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Health care fraud no longer a faceless crime

Ricardo Alonso-Zaldivar

WASHINGTON  —  Health care fraud used to be a faceless crime  —  until now.

Medicare and Medicaid scams cost taxpayers more than $60 billion a year, but the average bank holdup is likely to get more attention. Seeking the public’s help to catch more than 170 fugitive fraudsters, the government has launched a new health care most-wanted list, with its own website.

Among those featured is Leonard Nwafor, convicted a couple of years ago in Los Angeles of billing Medicare more than $1 million for motorized wheelchairs that beneficiaries didn’t need. One of those who got a wheelchair was a blind man who later testified he couldn’t see to operate it.

Facing time in federal prison, Nwafor disappeared before his sentencing.

“We’re looking for new ways to press the issue of catching fugitives,” said Gerald Roy, deputy inspector general for investigations at the Health and Human Services Department. “If someone walks into a bank and steals $3,000 or $4,000, it would be all over the newspaper. These people manage to do it from a less high profile position, but they still have a tremendous impact.”

Even though motorized wheelchairs can run from under $1,000 to $7,000 apiece, Nawfor’s scam was on the low end when compared to others who made the most-wanted list.

Sisters Clara and Caridad Guilarte allegedly submitted $9 million to Medicare in false and fraudulent claims for pricey infusion drugs that were never provided to patients. They are accused of offering cash and other rewards for beneficiaries to visit their clinic in Dearborn, Mich., and sign forms that said they received services that they never got.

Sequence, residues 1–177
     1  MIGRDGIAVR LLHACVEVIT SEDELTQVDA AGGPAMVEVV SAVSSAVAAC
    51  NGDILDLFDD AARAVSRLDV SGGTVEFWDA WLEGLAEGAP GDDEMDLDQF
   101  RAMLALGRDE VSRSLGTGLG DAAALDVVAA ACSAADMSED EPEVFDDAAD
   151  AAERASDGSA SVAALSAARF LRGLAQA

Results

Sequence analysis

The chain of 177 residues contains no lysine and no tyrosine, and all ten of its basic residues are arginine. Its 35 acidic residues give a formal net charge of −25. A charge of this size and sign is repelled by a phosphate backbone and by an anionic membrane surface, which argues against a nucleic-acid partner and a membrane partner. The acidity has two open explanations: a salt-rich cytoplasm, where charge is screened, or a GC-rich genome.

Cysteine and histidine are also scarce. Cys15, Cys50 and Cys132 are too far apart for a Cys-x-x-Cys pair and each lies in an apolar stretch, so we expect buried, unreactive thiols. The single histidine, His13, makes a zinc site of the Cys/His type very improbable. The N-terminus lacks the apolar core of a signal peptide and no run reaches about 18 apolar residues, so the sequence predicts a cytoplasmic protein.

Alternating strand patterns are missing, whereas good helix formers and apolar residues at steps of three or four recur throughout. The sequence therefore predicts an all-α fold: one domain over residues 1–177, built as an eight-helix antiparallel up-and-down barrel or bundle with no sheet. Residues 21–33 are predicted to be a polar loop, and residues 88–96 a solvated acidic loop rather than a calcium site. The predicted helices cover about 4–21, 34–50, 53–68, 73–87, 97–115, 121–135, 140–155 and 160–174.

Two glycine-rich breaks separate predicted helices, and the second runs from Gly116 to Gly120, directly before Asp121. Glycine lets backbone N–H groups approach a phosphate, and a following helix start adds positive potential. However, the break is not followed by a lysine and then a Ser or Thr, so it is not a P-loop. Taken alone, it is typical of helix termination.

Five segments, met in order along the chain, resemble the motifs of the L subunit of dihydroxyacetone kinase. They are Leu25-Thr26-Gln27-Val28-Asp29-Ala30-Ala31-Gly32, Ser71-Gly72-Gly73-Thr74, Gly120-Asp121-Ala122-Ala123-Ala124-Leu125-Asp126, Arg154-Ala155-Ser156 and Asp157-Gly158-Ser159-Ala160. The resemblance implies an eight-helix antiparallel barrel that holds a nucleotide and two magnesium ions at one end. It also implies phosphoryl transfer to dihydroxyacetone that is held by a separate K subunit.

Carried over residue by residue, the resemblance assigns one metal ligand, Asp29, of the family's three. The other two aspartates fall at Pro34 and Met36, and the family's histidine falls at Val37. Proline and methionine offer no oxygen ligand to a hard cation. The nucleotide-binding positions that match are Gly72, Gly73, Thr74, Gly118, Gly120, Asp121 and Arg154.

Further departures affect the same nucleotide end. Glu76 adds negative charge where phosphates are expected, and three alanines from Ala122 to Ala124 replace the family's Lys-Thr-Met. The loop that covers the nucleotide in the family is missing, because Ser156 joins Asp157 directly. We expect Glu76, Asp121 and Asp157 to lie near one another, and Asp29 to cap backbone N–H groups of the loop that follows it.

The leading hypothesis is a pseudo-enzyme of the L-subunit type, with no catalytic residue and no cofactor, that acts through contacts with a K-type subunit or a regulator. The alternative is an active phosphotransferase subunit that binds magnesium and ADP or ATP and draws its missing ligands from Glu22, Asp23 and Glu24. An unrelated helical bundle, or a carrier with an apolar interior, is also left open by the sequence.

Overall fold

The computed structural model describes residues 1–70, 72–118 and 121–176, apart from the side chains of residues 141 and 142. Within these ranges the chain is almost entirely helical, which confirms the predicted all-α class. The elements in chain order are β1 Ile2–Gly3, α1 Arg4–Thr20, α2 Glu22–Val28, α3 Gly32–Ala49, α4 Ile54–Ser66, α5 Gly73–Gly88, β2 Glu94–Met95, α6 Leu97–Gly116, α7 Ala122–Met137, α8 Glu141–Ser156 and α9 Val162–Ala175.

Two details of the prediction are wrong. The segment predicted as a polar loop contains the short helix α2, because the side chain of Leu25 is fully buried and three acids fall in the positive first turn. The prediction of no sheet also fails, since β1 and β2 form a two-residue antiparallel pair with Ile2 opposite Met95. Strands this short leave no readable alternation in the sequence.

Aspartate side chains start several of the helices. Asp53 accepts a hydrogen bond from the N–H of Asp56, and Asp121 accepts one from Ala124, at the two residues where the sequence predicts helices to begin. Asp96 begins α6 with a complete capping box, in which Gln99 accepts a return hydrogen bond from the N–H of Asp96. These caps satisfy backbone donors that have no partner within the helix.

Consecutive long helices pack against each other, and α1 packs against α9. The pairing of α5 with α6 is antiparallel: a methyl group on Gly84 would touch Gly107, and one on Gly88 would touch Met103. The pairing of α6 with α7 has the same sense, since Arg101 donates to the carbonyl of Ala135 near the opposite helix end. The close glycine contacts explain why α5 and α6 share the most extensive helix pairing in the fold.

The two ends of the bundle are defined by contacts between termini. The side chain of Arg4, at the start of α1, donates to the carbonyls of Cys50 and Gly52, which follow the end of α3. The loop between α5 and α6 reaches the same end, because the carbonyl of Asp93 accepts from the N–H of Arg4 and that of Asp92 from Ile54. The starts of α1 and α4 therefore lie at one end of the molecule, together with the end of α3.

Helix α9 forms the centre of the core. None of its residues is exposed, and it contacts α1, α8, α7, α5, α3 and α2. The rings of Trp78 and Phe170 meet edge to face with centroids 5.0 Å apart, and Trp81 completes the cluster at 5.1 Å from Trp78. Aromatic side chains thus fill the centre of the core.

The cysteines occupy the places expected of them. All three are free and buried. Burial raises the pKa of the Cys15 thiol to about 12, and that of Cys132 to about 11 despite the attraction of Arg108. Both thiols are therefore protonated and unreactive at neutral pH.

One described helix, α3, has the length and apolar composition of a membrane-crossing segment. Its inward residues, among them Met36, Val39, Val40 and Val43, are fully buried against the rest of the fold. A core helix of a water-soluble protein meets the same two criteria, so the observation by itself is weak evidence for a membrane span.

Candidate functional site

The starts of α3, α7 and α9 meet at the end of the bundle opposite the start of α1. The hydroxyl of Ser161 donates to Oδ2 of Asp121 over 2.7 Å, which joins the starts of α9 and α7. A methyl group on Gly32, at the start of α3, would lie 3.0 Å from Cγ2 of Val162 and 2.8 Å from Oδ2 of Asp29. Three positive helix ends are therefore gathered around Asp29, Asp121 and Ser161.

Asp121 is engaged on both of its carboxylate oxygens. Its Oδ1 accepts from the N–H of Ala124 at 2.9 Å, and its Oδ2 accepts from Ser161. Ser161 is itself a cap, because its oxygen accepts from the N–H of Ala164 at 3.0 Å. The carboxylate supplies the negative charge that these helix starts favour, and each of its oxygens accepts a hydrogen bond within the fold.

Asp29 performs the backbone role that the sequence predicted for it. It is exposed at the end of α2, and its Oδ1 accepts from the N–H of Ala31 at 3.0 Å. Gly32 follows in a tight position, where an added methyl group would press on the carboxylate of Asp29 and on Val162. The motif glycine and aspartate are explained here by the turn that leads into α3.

An alleged accomplice was arrested in the Dominican Republic recently, but the sisters remain at large.

Scammers “often utilize their ties to a particular community,” said Roy. “They take advantage of ethnic communities based on language barriers or lack of knowledge about how the Medicare system works. These folks are exploiting low-income communities.”

Another fugitive, Susan Bendigo, is accused of billing California’s Medicaid program for $17 million in nursing care, much of which was performed by staffers who weren’t licensed. A registered nurse herself, Bendigo was the nursing director for a company that provided personnel for home health agencies. Allegedly, she was fully aware that she was required to send licensed nurses to care for patients.

Topping the list are Miami brothers Carlos, Luis and Jose Benitez. Owners of a string of medical clinics, they allegedly scammed Medicare out of $119 million by billing for costly HIV drugs that patients never received or did not need. Authorities say they bought hotels, helicopters and boats before fleeing to Cuba.

The FBI has the marquee most-wanted list, but the Environmental Protection Agency and other federal agencies also maintain their own. Roy said he hopes this newest list will raise awareness about the importance of combating health care fraud. Medicare and Medicaid, which provide care for about 100 million Americans, are in serious financial trouble and can’t afford to be hemorrhaging tens of billions a year because of fraud.

Most fraudsters go to elaborate lengths to avoid being detected. But there is often some telltale sign.

To document his transactions, wheelchair purveyor Nwafor assembled elaborate paper files, complete with bogus prescriptions and photos of beneficiaries in their wheelchairs. But investigators had a hunch they were on to something when they discovered that most of his customers lived nearly 200 miles away from his Los Angeles-area store front.

Associated Press

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